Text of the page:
During the first part of the talk on the in-principle question, members of the audience were asked to provide their own responses to the question on note cards before I showed my hand.  Only two responses conveyed something distinctively in the vein of HPS, that is, developing a framework for explaining why the researchers had overlooked the issue (or why those who had looked at it were overshadowed).  Most of the notecards recommended interacting with the researchers or doing the research oneself (which would lead to interaction with researchers once you tried to get work published).  Variations on this theme as well as other kinds of responses are tabulated below.

Key to columns in the table

Q. Stay Quiet

R. Interact directly with researchers, e.g., submit ideas to science journals, do research in the area

PS. Interact with philosophers of science, e.g., submit ideas to philosophy of science journals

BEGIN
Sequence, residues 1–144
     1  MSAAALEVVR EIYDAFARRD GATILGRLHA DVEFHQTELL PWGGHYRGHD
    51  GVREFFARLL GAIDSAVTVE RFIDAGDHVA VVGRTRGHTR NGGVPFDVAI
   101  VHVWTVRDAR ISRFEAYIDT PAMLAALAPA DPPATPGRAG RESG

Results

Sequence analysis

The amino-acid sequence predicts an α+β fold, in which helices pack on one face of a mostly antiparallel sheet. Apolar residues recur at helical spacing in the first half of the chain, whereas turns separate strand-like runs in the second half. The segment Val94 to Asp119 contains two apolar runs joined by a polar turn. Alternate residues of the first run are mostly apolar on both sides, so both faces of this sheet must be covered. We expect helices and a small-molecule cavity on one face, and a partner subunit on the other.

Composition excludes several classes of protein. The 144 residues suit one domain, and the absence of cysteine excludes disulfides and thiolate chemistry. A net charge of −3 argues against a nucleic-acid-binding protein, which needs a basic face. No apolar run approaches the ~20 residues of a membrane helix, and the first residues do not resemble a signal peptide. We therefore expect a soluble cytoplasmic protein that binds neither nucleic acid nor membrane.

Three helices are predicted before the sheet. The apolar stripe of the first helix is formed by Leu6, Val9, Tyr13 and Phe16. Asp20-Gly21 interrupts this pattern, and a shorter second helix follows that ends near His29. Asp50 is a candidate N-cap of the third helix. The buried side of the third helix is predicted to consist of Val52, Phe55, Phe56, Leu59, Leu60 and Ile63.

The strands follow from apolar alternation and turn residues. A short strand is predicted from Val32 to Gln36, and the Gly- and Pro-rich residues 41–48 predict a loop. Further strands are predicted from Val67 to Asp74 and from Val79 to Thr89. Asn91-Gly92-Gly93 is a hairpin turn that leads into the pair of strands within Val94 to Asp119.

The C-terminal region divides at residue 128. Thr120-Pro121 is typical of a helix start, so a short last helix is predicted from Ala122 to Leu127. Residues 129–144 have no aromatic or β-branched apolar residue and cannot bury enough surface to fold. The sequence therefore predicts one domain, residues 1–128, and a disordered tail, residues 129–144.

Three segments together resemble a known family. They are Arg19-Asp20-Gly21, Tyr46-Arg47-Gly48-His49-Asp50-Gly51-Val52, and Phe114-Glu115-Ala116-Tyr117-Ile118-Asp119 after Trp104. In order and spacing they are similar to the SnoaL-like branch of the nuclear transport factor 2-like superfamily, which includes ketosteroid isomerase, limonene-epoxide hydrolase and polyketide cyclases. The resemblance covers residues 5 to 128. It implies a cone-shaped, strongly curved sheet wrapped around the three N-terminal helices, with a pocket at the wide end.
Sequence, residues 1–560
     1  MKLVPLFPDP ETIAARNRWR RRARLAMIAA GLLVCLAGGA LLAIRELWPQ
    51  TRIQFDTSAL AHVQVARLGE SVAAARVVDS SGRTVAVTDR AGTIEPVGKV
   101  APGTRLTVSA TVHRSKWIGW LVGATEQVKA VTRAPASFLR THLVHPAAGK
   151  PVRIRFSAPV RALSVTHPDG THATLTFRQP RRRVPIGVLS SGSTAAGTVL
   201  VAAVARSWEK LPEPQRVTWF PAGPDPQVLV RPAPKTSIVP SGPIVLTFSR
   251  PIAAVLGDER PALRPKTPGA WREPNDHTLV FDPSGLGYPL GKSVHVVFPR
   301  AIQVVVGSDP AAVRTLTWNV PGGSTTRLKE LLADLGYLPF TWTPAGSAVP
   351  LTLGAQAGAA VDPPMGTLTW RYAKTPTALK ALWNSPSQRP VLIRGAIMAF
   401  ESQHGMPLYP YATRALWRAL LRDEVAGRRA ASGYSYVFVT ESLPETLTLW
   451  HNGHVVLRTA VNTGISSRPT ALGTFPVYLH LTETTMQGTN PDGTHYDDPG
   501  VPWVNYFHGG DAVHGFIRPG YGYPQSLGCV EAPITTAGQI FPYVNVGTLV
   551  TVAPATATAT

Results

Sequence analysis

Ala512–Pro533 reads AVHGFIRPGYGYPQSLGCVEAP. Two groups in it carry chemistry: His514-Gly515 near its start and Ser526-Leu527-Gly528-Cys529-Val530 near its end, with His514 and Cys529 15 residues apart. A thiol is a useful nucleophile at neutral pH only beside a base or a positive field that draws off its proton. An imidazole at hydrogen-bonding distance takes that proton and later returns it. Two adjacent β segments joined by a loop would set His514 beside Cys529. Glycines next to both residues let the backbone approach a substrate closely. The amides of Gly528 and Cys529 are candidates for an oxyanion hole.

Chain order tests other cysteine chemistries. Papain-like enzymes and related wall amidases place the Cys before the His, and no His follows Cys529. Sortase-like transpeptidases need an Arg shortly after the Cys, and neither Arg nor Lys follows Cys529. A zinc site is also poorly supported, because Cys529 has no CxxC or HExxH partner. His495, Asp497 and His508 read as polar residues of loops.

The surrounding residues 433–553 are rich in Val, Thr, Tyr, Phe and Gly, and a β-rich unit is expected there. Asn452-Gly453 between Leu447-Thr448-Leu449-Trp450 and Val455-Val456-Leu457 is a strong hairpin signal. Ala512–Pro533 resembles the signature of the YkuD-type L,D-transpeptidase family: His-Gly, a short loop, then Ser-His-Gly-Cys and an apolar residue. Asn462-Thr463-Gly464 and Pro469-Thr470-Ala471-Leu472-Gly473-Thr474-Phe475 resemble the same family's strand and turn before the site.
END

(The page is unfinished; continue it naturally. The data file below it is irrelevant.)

HSPC. Tease out hist., social., pol., cultural background & implications

W. Communicate with wider audience, e.g., tease out the political implications

O. Other

Write an article for a national paper (if you’re a science writer/journalist); submit an opinion article to the science section of national newspaper. X
Write articles and books, after talking with an array  of scientists in the field, laying out the relevant evidence and arguments.  Try to get publicity and advertising for your article/book within the science community as well as philosopher community; send email; do more research related to problem. X X
Seek conversation with those working in the field; email and talk to researchers. X
We:  Scientist – get support, write a grant, and start a research project; We:  Philosopher – tell them, tell each other X X
Approach a researcher or two . . . see how they feel about your opinion. X
Find similarly interested parties and work together to show why the issue must be addressed; attempt to understand if the issue has been purposefully ignored, and why. X X
Nothing is ever completely overlooked!  Do a better literature search to find the small minority of scientists who did deal with the issue; Find something that can be reinterpreted as dealing with the issue even if that means imposing your views in a procrustean way. X